All of the major candidates running in the Democratic primary to become New York City’s next mayor have promised to bring some manner of reform to the city’s police department. There are areas of common ground—investing more in mental health response units, increasing the power of the civilian oversight body, and prioritizing gun crimes, to name a few.
But one area where nearly all of the candidates have been silent is police surveillance—including the controversial use of facial recognition technology, which has already been banned or strictly regulated in other major US cities.
Motherboard asked the eight leading candidates whether they would ban police use of facial recognition if elected, or go even further and ban the technology from being used in public places, as Portland, Oregon has done.
Only one candidate, Dianne Morales, said she supports a ban.
Dianne Morales, former nonprofit executive
"I support a city-wide ban on government facial recognition and biometric surveillance technologies,” Morales wrote in a statement to Motherboard. “This includes bans in law enforcement, public schools, and public housing. Government-sanctioned facial recognition programs are a breeding ground for racial profiling. Systems like these unjustly target black and brown people and subjugate them to increased arrests, traffic stops, and interrogations. Our students as well as our public housing residents shouldn't be subjected to these advanced and streamlined forms of interrogation. It strips humans of the dignity I'm attempting to restore. It is my duty as mayor to put an end to this injustice that directly upholds white supremacy.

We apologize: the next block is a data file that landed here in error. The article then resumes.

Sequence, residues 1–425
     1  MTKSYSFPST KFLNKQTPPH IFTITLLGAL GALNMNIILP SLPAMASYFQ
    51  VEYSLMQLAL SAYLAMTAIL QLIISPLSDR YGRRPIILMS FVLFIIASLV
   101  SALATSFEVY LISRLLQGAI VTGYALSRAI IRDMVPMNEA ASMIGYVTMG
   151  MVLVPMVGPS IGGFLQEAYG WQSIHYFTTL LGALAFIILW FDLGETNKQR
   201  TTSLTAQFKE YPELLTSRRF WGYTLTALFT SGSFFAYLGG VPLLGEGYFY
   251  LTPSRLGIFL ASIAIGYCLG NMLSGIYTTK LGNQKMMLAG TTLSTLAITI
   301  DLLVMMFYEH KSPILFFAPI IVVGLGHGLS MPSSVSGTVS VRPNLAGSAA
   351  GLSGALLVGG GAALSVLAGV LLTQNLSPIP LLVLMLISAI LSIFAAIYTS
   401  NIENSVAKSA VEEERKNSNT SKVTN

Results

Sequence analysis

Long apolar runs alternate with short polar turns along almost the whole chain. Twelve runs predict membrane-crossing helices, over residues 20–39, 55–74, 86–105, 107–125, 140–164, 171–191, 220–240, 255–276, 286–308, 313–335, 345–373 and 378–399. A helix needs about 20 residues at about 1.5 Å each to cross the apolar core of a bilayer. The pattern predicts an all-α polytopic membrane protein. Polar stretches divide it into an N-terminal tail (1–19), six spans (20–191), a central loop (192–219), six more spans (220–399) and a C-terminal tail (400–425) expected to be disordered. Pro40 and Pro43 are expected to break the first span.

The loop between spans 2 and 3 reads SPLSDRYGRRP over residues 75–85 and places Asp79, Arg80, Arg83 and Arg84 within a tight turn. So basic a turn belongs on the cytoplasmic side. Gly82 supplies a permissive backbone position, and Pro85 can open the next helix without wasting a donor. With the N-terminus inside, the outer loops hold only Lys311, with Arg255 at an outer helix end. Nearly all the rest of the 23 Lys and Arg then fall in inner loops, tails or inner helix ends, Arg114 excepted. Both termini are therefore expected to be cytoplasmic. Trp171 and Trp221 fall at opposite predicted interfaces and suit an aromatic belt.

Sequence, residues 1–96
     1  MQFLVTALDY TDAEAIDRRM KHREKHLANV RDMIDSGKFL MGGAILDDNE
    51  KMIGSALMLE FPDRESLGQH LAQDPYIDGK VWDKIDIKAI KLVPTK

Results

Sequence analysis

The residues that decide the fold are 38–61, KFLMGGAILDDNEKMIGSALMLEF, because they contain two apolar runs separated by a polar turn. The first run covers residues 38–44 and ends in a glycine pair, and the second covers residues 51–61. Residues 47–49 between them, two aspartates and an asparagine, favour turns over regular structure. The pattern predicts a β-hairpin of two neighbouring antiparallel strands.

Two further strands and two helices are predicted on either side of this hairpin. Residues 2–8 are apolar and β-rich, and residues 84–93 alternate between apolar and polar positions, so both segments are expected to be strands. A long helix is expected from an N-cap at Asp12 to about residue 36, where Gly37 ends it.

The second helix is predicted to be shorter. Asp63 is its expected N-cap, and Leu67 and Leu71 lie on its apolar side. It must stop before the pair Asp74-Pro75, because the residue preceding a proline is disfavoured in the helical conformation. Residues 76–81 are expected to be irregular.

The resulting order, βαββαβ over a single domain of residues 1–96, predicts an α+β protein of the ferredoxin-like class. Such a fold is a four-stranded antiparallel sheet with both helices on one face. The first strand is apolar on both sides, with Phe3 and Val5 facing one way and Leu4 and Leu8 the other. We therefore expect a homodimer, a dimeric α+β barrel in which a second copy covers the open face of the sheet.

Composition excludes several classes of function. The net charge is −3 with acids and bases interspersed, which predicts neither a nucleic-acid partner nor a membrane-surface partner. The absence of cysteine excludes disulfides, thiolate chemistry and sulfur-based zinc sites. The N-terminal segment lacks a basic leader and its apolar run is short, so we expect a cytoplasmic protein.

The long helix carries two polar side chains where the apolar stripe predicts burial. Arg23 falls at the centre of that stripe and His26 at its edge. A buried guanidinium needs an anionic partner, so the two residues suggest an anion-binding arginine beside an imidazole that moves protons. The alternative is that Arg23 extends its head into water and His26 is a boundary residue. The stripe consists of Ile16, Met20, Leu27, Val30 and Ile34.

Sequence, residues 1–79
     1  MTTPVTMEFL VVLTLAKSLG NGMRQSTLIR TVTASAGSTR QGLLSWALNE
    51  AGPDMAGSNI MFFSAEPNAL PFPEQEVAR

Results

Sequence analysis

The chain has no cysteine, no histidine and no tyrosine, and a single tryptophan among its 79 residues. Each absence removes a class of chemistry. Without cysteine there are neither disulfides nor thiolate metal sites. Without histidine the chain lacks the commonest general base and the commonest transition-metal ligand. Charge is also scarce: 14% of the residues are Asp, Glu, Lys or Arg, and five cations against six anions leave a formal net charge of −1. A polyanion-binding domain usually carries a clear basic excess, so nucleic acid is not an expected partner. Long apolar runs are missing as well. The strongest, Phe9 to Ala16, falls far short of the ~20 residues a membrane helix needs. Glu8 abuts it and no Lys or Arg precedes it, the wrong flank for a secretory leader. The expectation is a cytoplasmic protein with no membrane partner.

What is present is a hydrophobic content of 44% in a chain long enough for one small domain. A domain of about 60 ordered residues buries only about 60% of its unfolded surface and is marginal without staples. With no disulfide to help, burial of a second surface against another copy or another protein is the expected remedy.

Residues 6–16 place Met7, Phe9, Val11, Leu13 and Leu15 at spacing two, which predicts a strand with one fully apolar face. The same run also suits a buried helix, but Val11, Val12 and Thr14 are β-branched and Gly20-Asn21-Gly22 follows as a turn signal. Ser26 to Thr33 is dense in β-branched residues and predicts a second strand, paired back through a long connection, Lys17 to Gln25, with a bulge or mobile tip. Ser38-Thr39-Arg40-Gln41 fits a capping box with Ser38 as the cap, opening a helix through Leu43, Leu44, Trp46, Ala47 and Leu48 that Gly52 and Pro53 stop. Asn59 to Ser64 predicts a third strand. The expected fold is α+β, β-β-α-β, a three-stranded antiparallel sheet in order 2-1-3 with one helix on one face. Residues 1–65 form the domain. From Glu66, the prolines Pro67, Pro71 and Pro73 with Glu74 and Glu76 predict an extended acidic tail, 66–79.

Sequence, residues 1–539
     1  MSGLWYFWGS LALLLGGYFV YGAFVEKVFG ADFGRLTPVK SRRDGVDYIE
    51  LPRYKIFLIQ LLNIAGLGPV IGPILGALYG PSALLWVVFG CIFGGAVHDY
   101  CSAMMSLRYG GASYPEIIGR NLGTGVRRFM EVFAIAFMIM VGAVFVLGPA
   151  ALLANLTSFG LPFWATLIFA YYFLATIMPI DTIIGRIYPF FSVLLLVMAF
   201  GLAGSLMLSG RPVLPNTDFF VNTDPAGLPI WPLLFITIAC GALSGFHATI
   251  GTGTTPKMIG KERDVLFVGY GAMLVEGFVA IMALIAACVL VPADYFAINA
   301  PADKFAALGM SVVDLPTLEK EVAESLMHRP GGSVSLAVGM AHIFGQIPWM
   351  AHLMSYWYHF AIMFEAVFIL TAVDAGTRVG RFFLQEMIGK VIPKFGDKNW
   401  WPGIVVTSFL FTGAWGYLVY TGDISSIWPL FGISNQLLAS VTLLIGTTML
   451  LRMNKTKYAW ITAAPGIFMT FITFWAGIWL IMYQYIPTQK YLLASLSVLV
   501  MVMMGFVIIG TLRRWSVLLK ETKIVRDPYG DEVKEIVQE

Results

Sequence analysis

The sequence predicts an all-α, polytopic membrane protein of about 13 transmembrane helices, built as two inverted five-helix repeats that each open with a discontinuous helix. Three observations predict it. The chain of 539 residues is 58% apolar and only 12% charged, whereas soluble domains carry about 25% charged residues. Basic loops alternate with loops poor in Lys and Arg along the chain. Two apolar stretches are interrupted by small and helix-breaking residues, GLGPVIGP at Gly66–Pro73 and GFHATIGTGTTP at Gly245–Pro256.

I also support a ban on the use of facial recognition by private companies to monitor their workers or automate employment decision-making. Companies that monitor their workers using facial recognition too often fall short and engage in predatory tactics like racial profiling to expedite security measures. This is unacceptable and I will outlaw the use of facial recognition technology on most mediums. AI is built by humans with human biases. Supporters often act like AI will solve racism in the hiring process, but research shows that it can entrench it. I support banning it and, short of that, further studying its impact."
Shaun Donovan, former Housing and Urban Development secretary
“I absolutely believe that while there can be benefits to security and safety, particularly around organized crime and terrorism, that there are serious risks [from police use of facial recognition] to privacy, and specifically to Black and brown New Yorkers,” Donovan told Motherboard in an interview. “I would be very clear and careful about how it was implemented” by city law enforcement agencies.
Donovan added that, if elected, he would appoint a chief equity officer charged with examining data from all city agencies for evidence of disparate impact—a regulatory standard for measuring discriminatory practices by algorithms that Donovan enacted for federal housing programs while at HUD. He also promised to appoint a chief privacy officer for the city to examine the impact of technologies like facial recognition.